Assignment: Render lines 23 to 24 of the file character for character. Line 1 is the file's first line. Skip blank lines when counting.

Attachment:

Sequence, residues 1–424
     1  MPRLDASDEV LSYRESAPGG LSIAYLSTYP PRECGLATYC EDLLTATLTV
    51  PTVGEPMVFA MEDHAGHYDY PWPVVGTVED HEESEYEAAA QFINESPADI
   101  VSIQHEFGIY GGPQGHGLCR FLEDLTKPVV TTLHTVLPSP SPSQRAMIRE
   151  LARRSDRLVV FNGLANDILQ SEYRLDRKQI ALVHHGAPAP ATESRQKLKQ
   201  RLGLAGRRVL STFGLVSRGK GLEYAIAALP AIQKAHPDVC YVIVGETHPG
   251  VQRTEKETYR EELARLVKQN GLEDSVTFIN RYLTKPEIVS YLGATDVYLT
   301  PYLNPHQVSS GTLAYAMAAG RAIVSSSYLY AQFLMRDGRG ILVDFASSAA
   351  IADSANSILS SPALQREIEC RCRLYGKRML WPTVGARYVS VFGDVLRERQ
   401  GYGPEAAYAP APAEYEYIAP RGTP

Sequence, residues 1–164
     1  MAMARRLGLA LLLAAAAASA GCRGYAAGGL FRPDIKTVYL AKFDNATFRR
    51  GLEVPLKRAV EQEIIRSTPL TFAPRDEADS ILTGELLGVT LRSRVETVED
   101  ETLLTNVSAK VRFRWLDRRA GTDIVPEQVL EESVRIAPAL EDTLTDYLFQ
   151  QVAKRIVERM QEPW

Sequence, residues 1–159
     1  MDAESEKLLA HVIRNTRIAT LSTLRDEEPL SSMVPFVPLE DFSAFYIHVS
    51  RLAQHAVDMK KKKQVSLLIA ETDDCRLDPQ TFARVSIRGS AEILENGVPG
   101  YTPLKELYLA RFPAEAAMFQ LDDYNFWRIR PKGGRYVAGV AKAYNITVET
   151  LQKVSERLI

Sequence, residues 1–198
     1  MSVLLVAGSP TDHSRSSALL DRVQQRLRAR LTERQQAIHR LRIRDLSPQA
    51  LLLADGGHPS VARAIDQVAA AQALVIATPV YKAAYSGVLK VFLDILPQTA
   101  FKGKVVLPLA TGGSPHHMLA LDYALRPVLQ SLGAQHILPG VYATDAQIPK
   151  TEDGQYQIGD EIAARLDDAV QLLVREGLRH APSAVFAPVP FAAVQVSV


    51  LLLADGGHPS VARAIDQVAA AQALVIATPV YKAAYSGVLK VFLDILPQTA
   101  FKGKVVLPLA TGGSPHHMLA LDYALRPVLQ SLGAQHILPG VYATDAQIPK